Markets working to support sustainable development

In the News: 9th April 2015

09 Apr 2015

Here you will find a round-up of all the latest news and events in mechanisms from around the world. 


  • The Huffington Post recently investigated the exploitation of people working in the global fishing industry -- referred to as 'seafood slavery'. It focused on the Thai fishing industry, which has a majority migrant workforce, many of whom lack documentation, don't speak Thai, and often fall victim to bonded indebtedness as a result of false recruitment practices. They profiled a number of schemes in the fisheries sector to improve traceability, labelling, purchasing standards and seeks to guarantee fair and safe working practices for those in the industry; including a Fair Trade USA certification scheme.
  • Keeping UK supply chains free from 'illegal, unreported and unregulated' (IUU) fishing was the focus of a recent joint report by the British Retail Consortium, Environmental Justice Foundation and WWF UK. So-called 'pirate fishing' accounts for around 26 million tonnes of fish and economic losses of up to USD $23.5 billion a year globally. Recommendations from the report include mandating that large fishing vessels carry a unique identification to assist satellite tracking and EU coordinated database of fish catches.

Thai fishing boat. Source: Wikipedia

Sustainable business

  • George Kell, the Executive Director of the UN Global Compact,  has argued that companies needed to consider constraints in their supply chains that relate to environmental and social factors such as air quality and water scarcity, traditionally referred to as 'externalities'. In the context of new UN Sustainable Development Goals to be unveiled in September that will provide firms with clear development priorities, Kell argued that "what used to be called externalities are now part of your business ".
  • The Guardian recently profiled the Shared Interest Foundation, and their Access to Finance programme. The programme assists businesses to expand and diversify, through training in financial skills, business planning, and finance, with £2 million already being dispersed to farmers and handicraft makers in the Ivory Coast, Uganda, Ghana, Tanzania and Kenya.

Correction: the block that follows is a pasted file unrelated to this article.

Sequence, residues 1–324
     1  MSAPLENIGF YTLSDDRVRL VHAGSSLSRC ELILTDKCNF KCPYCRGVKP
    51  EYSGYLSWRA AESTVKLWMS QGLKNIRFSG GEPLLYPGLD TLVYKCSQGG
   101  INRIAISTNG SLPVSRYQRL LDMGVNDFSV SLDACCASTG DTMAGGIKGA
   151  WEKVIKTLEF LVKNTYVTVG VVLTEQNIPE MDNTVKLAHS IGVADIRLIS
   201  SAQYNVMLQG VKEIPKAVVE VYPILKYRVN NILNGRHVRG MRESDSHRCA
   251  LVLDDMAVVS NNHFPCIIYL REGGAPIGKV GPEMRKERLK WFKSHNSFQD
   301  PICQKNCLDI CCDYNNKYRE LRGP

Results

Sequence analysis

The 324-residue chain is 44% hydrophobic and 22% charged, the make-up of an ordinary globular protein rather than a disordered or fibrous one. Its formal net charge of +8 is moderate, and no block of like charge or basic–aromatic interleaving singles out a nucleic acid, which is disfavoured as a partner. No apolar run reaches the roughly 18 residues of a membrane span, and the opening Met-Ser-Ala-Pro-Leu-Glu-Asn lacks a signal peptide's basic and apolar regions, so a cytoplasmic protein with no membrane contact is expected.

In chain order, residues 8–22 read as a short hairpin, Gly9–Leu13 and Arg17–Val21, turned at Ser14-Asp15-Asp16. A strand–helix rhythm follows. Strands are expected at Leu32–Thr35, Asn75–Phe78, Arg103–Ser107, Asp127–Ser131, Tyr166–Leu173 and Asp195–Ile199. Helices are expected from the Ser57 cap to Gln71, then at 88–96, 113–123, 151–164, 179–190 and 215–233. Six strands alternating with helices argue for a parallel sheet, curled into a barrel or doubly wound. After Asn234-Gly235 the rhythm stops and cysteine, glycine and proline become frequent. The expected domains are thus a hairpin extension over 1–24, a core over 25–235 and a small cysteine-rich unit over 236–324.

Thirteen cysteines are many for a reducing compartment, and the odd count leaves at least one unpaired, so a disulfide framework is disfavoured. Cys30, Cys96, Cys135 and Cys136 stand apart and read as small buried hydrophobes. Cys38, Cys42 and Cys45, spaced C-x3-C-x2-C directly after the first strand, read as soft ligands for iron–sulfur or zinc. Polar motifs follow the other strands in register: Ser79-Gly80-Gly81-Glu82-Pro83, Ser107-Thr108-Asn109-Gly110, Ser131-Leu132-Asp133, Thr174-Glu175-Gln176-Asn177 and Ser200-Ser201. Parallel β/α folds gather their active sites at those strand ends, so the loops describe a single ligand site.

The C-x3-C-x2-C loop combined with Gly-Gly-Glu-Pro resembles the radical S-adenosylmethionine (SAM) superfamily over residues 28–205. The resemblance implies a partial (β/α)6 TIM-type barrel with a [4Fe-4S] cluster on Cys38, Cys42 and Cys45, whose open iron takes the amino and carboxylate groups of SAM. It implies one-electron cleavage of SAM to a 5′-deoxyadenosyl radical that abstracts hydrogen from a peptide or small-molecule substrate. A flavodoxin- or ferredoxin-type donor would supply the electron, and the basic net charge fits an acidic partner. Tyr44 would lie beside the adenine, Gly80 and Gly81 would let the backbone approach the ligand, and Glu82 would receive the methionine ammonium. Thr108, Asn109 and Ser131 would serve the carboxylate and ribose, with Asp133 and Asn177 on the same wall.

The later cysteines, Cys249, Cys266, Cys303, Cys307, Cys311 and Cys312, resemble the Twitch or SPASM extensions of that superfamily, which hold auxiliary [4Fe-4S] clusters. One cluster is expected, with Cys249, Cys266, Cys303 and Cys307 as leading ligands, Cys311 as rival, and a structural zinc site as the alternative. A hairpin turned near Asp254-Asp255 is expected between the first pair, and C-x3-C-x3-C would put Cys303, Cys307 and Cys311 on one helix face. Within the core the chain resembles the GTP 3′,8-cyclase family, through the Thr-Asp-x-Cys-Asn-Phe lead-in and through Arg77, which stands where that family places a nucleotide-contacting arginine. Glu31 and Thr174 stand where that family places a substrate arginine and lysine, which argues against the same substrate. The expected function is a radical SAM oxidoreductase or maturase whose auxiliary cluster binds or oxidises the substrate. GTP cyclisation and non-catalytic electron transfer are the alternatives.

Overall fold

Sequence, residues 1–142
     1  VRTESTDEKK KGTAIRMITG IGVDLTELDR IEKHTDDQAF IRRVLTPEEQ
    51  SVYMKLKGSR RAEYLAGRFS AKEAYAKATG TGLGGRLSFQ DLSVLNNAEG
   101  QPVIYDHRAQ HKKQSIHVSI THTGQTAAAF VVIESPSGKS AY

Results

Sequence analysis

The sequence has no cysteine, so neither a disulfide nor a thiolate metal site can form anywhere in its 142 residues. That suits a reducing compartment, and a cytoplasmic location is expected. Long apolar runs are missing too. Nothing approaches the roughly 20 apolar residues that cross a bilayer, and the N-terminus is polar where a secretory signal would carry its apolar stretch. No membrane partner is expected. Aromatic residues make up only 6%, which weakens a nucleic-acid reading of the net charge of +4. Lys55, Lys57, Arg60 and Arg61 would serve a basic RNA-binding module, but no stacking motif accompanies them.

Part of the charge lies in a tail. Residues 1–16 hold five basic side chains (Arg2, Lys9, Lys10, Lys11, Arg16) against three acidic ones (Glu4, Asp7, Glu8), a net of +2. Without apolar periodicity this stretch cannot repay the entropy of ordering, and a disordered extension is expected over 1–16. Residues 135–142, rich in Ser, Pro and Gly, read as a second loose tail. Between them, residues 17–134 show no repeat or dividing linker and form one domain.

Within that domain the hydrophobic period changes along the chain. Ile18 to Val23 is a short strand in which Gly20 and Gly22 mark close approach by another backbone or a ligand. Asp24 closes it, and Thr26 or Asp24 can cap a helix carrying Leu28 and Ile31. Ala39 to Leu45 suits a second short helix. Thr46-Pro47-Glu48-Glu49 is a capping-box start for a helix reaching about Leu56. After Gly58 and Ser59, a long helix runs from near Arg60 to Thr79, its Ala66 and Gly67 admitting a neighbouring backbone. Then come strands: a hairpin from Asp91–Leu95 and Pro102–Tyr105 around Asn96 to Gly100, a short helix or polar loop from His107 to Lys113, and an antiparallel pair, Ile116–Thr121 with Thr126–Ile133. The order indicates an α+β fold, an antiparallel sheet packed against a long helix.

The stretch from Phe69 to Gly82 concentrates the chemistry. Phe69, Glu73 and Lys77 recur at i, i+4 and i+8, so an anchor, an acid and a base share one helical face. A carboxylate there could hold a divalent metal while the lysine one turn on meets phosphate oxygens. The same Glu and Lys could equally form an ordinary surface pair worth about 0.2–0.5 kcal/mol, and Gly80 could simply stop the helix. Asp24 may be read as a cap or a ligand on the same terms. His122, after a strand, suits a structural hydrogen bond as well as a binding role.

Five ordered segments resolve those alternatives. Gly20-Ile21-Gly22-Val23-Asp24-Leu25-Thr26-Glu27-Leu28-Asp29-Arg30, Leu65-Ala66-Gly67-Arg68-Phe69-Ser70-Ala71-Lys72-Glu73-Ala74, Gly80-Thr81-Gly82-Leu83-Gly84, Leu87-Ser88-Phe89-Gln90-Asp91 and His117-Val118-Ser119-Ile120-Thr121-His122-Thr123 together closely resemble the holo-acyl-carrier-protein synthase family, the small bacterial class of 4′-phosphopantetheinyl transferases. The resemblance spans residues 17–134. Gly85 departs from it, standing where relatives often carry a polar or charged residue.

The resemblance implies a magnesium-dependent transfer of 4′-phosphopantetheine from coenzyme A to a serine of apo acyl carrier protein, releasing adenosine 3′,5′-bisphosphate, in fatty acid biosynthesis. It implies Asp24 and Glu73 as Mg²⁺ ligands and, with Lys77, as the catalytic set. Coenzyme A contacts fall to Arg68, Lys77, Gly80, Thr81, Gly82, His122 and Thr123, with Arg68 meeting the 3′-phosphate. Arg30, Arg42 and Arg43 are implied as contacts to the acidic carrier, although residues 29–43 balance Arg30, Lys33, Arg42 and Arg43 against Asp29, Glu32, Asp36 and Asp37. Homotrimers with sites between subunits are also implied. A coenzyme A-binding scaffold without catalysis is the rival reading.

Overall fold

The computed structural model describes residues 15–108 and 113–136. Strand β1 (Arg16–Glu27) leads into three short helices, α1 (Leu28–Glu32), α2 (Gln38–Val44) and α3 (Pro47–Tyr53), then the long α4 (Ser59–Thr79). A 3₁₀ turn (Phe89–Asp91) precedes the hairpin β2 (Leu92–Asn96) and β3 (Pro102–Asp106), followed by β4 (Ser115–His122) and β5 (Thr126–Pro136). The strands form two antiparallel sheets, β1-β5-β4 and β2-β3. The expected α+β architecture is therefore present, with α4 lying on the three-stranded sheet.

Coffee farmer in Brazil. Source: Wikipedia


  • Fairtrade Brasil was recently launched. The scheme covers coffee beans, honey and other fresh produce. The President of Fairtrade Brasil, Naji Harb, has argued that having a specific Brazilian operation will "reduce the dependence on the international market and open up the Brazilian and South American markets as an alternative, avoiding language barriers and exchange rate changes". 
  • Following the ebola epidemic in West Africa, Fairtrade Africa have committed to training their liaison officers in dealing with such epidemics in order to pass on this knowledge to local producers. Kwame Benson, Partnerships Manager for the Fairtrade West African region said "there is need for continuous awareness creation so that people will remain vigilant and prevent a re-emergence of the epidemic".
  • The UK Fairtrade Foundation and supermarket Waitrose have announced a partnership whereby the Fairtrade Foundation will provide guidance and share best practice with the Waitrose Foundation on the supermarket’s own programme that puts profits from Waitrose marked products back into Global South communities that supply the produce. This is the first time Fairtrade has engaged in third-party verification. Waitrose, while an active supporter and supplier of Fairtrade products launched its own foundation 10 years to improve the conditions of workers and communities that supply fresh produce to Waitrose, with over 450 projects existing across South Africa, Kenya and Ghana. The projects are voted on in the local community, to ensure they directly provide benefit.


  • Grist recently reported that agribusiness giant Archer Daniels Midland has announced plans to adopt a no-deforestation policy for soy and palm oil. It follows previous commitments from other agribusinesses Wilmar and Cargill who have pledged to stop buying from suppliers who clear rainforest.